Qual­ity leather fur­ni­ture is built only with frames made from kiln dried hard­woods. Use of hard­woods is pre­ferred for their last­ing strength and dura­bil­ity. Kiln dry­ing fur­ther hard­ens those woods and helps them to keep from crack­ing or split­ting. The major­ity of leather fur­ni­ture imported from China and Italy is not built with these qual­ity, kiln dried, hard­woods, but rather from chip­board and ply­wood. These are not the best choices in build­ing a piece of qual­ity leather fur­ni­ture, but is a great choice for keep­ing the cost low.  The other issue is how these frames are affixed. Qual­ity leather fur­ni­ture frame con­struc­tion would include screw­ing and glu­ing the joints, and uti­liz­ing a cor­ner block for sta­bi­liza­tion, as well. Most imported leather fur­ni­ture has sta­pled frames, and rarely are cor­ner blocked.  The prob­lem that arises with sta­pling is that even­tu­ally those sta­ples tend to work them­selves loose caus­ing insta­bil­ity in the frame, loose arms, etc.

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Chinese & Italian Leather Furniture

Imports, espe­cially those from China and Italy, make up the major­ity of the leather fur­ni­ture being sold here in the United States. Unfor­tu­nately most of those leather fur­ni­ture prod­ucts are mediocre, at best. They are built with infe­rior mate­ri­als, lack­ing in solid kiln dried hard­woods; most don’t even uti­lize steel coil springs (or any steel) for their sus­pen­sion sys­tems, and going back to our ear­lier post, they do not even use 100% top grain leather for their upholstery.

In our next few posts we’ll break down the var­ied aspects of imported leather fur­ni­ture con­struc­tion, and show why it cre­ates poten­tial prob­lems and is not con­sis­tent with qual­ity leather furniture.

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What is top grain leather?

Our topic of the day is top grain leather ver­sus split grain leather. In my expe­ri­ence most folks do not under­stand what top grain leather really is; what top­grain means. The major­ity think that the word “top” in top grain means that it is the top qual­ity or best leather. In a gen­eral sense top­grain is best, but that’s not what the term really means.

A cowhide is gen­er­ally thicker than what you would think it is; and thicker than what is used for fur­ni­ture uphol­stery. A hide has an approx­i­mate thick­ness of a nickel. By nature, all hide has a denser cell struc­ture at the sur­face, on the top, than they do deeper under the sur­face. Now know­ing that, let’s go to the tan­nery where they will shave/cut the typ­i­cal hide into three lay­ers in order to cre­ate a leather that will be of suit­able thick­ness to be of use for fur­ni­ture uphol­ster­ing. While all three of these lay­ers are con­sid­ered to be leather, only the top layer, the dens­est part of the hide, is con­sid­ered to be top grain. Top grain leather is the strongest uphol­stery mate­r­ial in exis­tence. The under­cut­tings, the other two lay­ers, are referred to as split grain leather; these are weaker, lesser dense parts of the hide which are not suit­able for use in pro­duc­ing qual­ity leather furniture.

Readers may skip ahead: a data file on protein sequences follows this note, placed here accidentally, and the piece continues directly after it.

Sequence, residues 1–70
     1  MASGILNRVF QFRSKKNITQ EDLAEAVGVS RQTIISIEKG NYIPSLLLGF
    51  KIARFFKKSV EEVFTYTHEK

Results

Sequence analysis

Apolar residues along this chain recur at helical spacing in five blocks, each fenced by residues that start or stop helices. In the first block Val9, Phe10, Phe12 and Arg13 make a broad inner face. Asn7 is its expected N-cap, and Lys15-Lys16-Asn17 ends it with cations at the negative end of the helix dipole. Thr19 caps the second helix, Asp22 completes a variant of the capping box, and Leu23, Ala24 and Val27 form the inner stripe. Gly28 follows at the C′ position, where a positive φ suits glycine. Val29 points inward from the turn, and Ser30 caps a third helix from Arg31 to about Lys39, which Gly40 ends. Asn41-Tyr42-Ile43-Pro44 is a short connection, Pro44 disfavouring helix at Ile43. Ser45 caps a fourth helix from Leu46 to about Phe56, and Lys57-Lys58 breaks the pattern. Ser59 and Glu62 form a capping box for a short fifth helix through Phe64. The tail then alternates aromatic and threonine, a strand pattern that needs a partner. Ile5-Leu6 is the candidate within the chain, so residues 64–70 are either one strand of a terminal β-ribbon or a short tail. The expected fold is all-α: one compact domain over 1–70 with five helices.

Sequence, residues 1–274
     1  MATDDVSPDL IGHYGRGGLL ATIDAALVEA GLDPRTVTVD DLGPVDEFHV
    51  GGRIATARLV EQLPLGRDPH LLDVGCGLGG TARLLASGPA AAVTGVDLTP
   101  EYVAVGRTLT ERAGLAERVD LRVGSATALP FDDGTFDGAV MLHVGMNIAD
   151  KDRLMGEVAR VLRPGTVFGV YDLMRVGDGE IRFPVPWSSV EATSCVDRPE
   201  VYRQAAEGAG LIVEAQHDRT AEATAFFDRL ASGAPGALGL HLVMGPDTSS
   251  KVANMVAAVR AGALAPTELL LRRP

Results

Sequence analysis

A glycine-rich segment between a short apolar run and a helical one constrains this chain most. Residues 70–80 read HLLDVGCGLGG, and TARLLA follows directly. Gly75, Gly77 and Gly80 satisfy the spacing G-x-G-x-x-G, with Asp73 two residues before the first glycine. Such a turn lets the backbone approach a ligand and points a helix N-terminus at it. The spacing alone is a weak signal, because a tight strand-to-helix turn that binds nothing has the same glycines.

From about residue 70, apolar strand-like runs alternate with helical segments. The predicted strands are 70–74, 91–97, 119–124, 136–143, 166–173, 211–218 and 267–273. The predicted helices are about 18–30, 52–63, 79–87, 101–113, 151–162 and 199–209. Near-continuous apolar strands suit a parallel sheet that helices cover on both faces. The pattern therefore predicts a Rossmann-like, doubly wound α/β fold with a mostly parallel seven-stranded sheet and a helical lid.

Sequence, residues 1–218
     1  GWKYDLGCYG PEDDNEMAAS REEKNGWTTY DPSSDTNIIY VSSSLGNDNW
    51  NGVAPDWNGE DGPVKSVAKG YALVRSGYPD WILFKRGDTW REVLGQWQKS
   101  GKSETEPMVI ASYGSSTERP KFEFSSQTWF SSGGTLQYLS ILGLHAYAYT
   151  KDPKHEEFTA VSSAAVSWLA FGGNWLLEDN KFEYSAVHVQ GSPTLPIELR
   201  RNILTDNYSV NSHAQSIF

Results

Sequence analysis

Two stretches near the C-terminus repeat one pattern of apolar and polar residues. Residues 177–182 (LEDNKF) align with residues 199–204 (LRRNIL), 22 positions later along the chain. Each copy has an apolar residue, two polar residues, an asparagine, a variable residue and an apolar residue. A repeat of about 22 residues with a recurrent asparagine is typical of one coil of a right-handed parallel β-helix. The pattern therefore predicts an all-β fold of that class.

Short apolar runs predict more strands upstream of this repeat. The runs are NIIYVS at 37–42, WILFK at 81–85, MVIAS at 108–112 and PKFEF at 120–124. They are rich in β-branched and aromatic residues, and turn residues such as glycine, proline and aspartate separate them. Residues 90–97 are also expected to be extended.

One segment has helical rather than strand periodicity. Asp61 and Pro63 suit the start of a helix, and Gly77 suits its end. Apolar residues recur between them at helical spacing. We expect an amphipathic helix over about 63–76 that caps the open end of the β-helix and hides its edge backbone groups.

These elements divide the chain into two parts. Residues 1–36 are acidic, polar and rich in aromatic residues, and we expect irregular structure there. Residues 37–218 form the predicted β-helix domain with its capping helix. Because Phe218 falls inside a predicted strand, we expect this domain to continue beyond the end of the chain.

Many of the over­seas imports com­ing into the United States today are built with a large por­tion of the piece uphol­stered in these weaker split grain leathers. Using split grain leather will cer­tainly lower man­u­fac­tur­ing costs, which will result in a lower pri­ce­point at retail, but it lessens the over­all qual­ity of the fur­ni­ture as well. Shop­ping for a qual­ity piece of leather fur­ni­ture means accept­ing noth­ing less than 100% top grain leather.

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Leather Furniture South Intro

Wel­come to my blo­gos­phere!  I’m Tom; I am the Founder, Owner, and Pres­i­dent of Leather Fur­ni­ture South, which is the old­est Inter­net based seller of residential/commercial leather fur­ni­ture. I have been in the busi­ness of leather fur­ni­ture, in one capac­ity or another, for over 25 years. Famil­iar­ity with all of the lines cur­rently being sold here in the United States, com­bined with work­ing with many man­u­fac­tur­ers and tan­ner­ies, gives me a unique per­spec­tive within the leather fur­ni­ture industry.

In the com­ing weeks and months we will tackle areas such as what con­sti­tutes qual­ity con­struc­tion, leathers, war­ranty how to shop for value in qual­ity leather fur­ni­ture, etc.  It is my expe­ri­ence that most folks in shop­ping for leather fur­ni­ture are doing so for the idea of qual­ity, longevity, and last­ing beauty.  Unfor­tu­nately the major­ity of leather fur­ni­ture being sold in this coun­try is made in Italy and China, and is of gen­er­ally poor qual­ity.  Here we will learn the dif­fer­ences between those types of prod­uct and what really con­sti­tutes qual­ity in leather furniture.

We wel­come your ques­tions; you can email me here at info@LeatherFurnitureSouth.com, or call toll free at 877.670.7845.

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Welcome to Leather Furniture South

Wel­come to our blog where we will share valu­able info about leather fur­ni­ture. Visit us reg­u­larly for infor­ma­tion on learning/purchasing/maintaining leather fur­ni­ture. Make sure to visit our web site.